The road to love: Valentine’s idioms

WinchersStanceJohnClinchSt Valentine was martyred in Rome about 1740 years ago today. What better way to honour him than with loving words in many languages? It’s been shown yet again, very entertainingly and by many translators, that idioms don’t translate easily, but some are almost the same:

Alle Wege führen nach Rom – wszystkie drogi prowadzą do Rzymu – kaikki tiet vievät Roomaan – all roads lead to Rome

If you’re struggling to communicate across linguistic boundaries, might the language of food be a safer bet?:

Die Liebe geht durch den Magen – przez żołądek do serca – tie miehen sydämeen vie vatsan kautta – the way to a MAN’s heart is through his stomach (in English and Finnish – in German and Polish it’s any hearts and stomachs regardless of gender)

If that fails, you must concede that:

Liebe macht blind – miłość czyni ślepym – rakkaus on sokea – love is blind (in German and Polish it makes you blind, rather than being blind). Or, to put it another way, “love is not blind, it just can’t always see where it’s worth arriving to” (Rakkaus ei oo sokea/Se ei aina vaan osaa katsoa/ Kenen luokse kannattaa saapua: lyrics by Haloo Helsinki for their 2013 hit Rakkaus)

Or you could just give up and go home.

“All roads lead to Rome, but I’m going home to Crewe, where my love is waiting for me.”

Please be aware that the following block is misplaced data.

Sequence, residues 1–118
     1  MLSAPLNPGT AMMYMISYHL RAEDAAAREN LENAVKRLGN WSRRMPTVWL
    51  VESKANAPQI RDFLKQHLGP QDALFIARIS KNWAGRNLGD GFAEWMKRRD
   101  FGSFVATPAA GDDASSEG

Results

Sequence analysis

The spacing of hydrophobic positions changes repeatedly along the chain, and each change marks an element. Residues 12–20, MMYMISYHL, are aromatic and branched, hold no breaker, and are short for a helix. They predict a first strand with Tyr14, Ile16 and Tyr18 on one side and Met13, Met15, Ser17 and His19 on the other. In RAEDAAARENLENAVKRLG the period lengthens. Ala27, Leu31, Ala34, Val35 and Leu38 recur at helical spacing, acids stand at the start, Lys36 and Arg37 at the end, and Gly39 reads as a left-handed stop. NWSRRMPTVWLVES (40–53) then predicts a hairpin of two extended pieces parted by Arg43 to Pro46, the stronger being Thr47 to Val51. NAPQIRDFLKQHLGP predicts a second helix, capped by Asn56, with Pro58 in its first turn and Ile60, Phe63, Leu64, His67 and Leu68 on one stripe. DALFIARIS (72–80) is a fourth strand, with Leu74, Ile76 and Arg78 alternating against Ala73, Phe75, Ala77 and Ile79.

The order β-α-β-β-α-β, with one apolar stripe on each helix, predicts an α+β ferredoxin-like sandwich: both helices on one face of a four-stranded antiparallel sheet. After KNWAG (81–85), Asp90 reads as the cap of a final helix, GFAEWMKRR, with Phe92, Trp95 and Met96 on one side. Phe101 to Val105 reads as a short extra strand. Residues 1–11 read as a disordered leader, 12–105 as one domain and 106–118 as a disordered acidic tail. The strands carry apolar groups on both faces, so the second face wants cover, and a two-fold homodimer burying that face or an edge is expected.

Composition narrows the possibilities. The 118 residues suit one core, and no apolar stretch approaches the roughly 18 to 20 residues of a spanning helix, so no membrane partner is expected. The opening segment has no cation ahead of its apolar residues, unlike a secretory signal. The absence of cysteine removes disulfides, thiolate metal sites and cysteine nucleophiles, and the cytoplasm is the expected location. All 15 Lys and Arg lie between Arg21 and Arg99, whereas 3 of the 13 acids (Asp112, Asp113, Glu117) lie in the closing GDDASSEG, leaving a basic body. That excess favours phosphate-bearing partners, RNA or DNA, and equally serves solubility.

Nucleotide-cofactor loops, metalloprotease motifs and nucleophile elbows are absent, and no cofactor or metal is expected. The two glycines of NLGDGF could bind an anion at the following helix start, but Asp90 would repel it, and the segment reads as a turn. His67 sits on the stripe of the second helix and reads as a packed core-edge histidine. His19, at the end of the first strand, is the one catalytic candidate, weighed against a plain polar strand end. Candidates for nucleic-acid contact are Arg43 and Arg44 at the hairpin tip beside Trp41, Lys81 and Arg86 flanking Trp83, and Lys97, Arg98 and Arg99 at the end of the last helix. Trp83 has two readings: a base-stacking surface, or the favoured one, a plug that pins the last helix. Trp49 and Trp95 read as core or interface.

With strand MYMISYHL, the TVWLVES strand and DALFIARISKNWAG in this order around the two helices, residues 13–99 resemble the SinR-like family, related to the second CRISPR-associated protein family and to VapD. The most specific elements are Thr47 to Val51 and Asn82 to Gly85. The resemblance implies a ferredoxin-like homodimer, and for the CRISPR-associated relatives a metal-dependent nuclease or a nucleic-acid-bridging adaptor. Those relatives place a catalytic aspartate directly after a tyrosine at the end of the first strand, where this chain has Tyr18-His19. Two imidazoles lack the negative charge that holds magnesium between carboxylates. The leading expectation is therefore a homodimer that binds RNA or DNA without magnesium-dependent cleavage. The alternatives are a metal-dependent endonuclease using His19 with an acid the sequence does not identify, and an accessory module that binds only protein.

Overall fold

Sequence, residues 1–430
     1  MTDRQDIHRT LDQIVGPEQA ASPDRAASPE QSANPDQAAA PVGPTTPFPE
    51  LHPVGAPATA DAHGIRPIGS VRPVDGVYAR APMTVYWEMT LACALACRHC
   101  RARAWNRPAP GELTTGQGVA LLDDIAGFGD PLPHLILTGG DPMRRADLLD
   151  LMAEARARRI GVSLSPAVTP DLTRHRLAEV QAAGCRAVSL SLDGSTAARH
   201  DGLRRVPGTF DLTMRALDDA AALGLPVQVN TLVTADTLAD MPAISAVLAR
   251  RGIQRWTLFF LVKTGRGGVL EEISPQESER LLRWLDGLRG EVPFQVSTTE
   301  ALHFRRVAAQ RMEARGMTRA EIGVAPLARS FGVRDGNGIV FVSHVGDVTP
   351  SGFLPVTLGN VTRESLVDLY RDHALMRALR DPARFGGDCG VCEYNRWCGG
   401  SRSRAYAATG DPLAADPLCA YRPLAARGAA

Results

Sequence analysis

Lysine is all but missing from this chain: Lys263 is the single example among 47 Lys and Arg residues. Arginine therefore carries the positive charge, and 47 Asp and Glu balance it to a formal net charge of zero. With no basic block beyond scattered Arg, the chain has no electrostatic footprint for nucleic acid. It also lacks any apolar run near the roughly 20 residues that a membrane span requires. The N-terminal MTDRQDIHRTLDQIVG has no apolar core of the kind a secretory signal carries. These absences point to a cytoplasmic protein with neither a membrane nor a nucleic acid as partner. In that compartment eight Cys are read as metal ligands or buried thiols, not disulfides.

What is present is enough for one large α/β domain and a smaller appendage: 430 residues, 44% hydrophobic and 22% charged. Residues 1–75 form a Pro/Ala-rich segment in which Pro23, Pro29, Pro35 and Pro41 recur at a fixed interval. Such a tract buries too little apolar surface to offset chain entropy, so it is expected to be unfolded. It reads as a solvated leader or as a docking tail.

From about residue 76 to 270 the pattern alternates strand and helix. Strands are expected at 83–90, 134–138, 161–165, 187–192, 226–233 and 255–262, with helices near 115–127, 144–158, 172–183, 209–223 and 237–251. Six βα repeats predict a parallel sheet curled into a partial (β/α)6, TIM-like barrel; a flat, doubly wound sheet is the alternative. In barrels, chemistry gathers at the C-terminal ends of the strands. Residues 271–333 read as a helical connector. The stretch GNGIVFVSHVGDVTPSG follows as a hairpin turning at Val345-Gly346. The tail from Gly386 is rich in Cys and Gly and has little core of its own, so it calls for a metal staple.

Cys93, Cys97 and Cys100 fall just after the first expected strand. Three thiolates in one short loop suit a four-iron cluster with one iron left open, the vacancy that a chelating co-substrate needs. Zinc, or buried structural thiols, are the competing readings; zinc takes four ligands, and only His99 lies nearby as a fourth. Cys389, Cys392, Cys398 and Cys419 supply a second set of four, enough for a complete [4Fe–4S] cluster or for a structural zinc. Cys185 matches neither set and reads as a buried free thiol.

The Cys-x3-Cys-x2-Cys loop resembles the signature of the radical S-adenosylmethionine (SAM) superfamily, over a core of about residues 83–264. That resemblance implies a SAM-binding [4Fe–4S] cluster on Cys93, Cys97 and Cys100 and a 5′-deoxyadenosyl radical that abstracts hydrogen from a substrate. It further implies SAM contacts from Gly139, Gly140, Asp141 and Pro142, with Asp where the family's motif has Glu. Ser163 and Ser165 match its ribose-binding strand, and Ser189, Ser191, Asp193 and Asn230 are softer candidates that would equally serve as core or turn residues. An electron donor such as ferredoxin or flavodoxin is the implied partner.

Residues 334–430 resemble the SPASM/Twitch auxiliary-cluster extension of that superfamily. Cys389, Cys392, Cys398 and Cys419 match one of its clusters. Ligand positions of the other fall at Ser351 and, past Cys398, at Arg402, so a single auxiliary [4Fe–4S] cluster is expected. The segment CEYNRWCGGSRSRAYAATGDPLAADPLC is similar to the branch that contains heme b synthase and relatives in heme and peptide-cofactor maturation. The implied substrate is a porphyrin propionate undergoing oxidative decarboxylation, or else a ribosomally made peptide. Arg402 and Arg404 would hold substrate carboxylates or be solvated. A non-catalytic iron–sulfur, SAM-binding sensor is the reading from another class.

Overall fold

The only traces I could find of the Finnish song “Kaikki tiet vievät Roomaan, minä lähden Kouvolaan…” are on Kouvola pride websites and blogs, so I don’t know who wrote it. Kouvola – the Finnish Crewe – is not a beautiful town (see picture on the video), it’s just where you change trains, but if you love your home town, or the person waiting for you in it, you don’t care. If you’re feeling cynical about love this year, hear the song as a hymn to your home town, and remember this other, much more typical, Finnish idiom:

Toimii kuin junan vessa = Works like the train toilet

And if you’re feeling loved-up, here’s a new word, to winch (to kiss, to court, in Glasgow slang). The image of lovers meeting at the station is from the statute Glasgow Buchanan Street, Wincher’s Stance, by the appropriately named John Clinch.

Happy Valentine’s Day!

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